And don’t even get me started on YouTube. This past week there was an article in the Wall Street Journal which talked about the rise of YouTube in India as a search engine. Want to learn how to make a cake? YouTube it. Want to learn the best way to sleep? YouTube it. YouTube voice search is perfect for India where illiteracy is high. Users can speak what information they want and then the search results are videos, where they can see and hear the content.

In fact, I’m finding the quality and content getting better and better even with more and more content creators on the YouTube platform. Just like a Google search you need to know the right keywords for YouTube. But, where YouTube really shines and keeps you on their platform are their algorithms to show you more content that you will like.

A recent example was when I was searching on YouTube for a good vlogging camera. Yes, there were hundreds of thousands of videos but after watching 4 or 5 I was able to decide what camera I needed. And in the process, I came across the YouTube channel called Camera Conspiracies. The guy is a mix of camera reviews and comedy. I’m no longer looking for a camera but I still watch his YouTube channel because the content is addictive.

So where does that leave the existing players? It will be very tough for the direct to home (DTH) providers like DishTV, TataSky and Airtel DTH because they have no real strategy to add more customers. Most of the people I know don’t even turn on their DTH box and are planning to cancel the service when their subscription comes up for renewal.

The cable operators like Hathway are also in a similiar situation but since they own the physical connection to the consumer they have the ability to implement newer technologies such as gigabit fiber to the home. In fact, Reliance backed Jio recently completed the acquisition of Hathway not because of all the users of its cable TV platform but because of the physical access they have to the consumers home. I live in a building which has both Hathway and Jio GigaFiber and I can tell you first hand, we have not even turned on the set-top box (STB) for Hathway in 2-3 months. And all that viewing time has switched to the OTT providers and YouTube.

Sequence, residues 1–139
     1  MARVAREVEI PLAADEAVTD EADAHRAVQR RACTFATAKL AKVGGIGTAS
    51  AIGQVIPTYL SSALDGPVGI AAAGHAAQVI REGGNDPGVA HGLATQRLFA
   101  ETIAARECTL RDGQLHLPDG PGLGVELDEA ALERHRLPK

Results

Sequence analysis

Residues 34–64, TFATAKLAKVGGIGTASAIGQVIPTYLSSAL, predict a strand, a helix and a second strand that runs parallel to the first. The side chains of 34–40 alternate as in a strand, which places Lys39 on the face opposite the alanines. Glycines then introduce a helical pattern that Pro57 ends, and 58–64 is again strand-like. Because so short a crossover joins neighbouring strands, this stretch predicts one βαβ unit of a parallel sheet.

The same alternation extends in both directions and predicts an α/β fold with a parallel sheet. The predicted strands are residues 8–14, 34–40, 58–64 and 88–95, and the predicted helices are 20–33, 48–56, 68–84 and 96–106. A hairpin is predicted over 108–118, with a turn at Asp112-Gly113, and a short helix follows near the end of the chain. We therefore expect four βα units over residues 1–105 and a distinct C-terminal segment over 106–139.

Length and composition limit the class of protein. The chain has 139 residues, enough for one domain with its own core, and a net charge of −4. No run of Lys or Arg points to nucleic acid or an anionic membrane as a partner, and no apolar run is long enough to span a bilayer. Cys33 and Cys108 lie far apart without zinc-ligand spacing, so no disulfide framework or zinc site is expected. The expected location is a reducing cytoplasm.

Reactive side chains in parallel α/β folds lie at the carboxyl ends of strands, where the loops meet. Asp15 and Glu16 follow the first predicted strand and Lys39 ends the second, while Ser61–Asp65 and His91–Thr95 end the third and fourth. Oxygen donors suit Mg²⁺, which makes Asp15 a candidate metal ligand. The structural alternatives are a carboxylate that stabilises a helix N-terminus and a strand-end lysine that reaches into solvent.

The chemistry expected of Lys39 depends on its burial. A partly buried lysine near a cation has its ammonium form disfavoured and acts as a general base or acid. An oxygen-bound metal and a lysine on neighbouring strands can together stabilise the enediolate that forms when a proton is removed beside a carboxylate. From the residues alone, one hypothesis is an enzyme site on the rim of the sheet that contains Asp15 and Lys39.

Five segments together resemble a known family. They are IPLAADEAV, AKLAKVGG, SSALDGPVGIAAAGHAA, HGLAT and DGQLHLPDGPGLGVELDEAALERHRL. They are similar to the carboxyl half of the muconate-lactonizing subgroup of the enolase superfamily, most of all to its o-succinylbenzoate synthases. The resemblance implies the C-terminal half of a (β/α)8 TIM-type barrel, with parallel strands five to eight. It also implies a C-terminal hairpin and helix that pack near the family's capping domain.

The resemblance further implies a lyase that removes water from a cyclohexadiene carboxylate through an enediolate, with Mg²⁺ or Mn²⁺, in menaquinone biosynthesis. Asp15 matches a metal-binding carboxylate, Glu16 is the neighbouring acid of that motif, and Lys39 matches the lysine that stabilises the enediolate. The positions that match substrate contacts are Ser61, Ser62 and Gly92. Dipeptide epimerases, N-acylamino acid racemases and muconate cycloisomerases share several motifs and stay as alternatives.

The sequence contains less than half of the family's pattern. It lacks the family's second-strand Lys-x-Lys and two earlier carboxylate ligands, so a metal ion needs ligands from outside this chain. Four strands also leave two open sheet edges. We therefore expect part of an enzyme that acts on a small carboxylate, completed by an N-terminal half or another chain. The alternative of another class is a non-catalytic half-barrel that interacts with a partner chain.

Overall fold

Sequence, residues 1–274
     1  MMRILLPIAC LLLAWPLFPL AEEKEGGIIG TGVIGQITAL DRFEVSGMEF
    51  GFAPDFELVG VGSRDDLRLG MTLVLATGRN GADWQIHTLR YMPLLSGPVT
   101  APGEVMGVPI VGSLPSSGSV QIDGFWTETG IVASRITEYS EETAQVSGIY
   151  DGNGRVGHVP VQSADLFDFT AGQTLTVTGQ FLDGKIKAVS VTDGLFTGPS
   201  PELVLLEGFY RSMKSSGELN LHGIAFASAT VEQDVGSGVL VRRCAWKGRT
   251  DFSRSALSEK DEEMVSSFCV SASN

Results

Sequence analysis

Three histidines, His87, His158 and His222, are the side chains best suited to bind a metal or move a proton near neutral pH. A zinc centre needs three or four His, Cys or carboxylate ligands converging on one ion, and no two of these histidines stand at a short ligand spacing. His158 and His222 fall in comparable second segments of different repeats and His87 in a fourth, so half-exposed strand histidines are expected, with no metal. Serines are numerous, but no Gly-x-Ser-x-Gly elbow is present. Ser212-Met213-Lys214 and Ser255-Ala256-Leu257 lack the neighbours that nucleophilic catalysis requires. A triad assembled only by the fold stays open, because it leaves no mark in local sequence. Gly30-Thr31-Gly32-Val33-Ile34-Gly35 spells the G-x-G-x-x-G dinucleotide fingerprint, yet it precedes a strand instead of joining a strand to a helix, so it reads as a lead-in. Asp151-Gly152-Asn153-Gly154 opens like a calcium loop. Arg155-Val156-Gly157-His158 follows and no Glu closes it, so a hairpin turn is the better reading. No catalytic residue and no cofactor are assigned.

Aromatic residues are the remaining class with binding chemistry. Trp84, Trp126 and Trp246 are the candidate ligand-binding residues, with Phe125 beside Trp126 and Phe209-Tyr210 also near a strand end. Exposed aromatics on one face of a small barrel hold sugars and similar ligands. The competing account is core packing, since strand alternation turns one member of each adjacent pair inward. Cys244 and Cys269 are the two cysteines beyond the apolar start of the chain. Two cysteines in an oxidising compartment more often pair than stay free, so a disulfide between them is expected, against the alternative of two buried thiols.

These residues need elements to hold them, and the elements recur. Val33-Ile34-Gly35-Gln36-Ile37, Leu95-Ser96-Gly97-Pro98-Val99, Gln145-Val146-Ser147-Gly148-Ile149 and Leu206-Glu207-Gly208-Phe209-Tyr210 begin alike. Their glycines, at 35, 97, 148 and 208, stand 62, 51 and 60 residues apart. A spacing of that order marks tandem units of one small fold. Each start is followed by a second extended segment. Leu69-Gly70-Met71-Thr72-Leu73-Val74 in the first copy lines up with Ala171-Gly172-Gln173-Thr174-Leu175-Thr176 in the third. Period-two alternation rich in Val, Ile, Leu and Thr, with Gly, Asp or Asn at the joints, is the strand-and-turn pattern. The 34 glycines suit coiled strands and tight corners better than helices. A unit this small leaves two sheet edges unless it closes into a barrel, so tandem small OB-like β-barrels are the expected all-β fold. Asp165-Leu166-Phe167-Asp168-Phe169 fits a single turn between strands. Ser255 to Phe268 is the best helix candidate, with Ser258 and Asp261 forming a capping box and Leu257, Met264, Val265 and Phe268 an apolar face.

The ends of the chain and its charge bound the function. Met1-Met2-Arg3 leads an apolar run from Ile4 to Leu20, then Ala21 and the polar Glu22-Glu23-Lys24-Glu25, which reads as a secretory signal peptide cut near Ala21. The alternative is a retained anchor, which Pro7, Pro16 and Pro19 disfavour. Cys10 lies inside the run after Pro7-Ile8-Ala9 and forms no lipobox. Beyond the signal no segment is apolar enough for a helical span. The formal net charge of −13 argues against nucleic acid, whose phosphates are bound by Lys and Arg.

The Podcast is dead, the Vlog emerges

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If you have been following my blog you know I started a podcast about 6 months ago. Even before I started the Performalux podcast I secretly knew it wasn’t going to last. Podcasting is a great medium for many topics like financial information, news, and talk shows. But a podcast about cars is not one of them. All the cool kids are vlogging because people want to hear the exhaust, see the inside of the car and see how fast objects go by while speeding on a street.

One of the biggest stumbling blocks with podcasts is the distribution of the content, people just don’t know how to listen to podcasts. 5-year-olds know how to use YouTube and skip the intro commercials but listening to podcasts required a Ph.D. Spotify and the other streaming audio providers are trying to change that by having better discovery mechanisms in their app. Will it reach mass adoption is yet to be determined. So long to the podcast format…enter the vlog.

The vlog is hosted on my YouTube channel. I don’t really have a name yet, I’m toying with “The Garage Guy” or my username “mrjain”. I have some time to think about the name, in the meantime I’ll be focusing on getting some great content on the channel. I will not be reviewing Maruti’s and Hyundai’s as there are already a ton of those YouTube channels. The channel will focus on cars I really like and would love to buy. And also talk to the owners of these cars and get their take on what drives them…yes, a horrible pun gone wrong. I’ll stop now.

 

Behind the Podcast: The Gear

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Samson Meteor Mic on the left and the Shure MV5 on the right, the complete setup.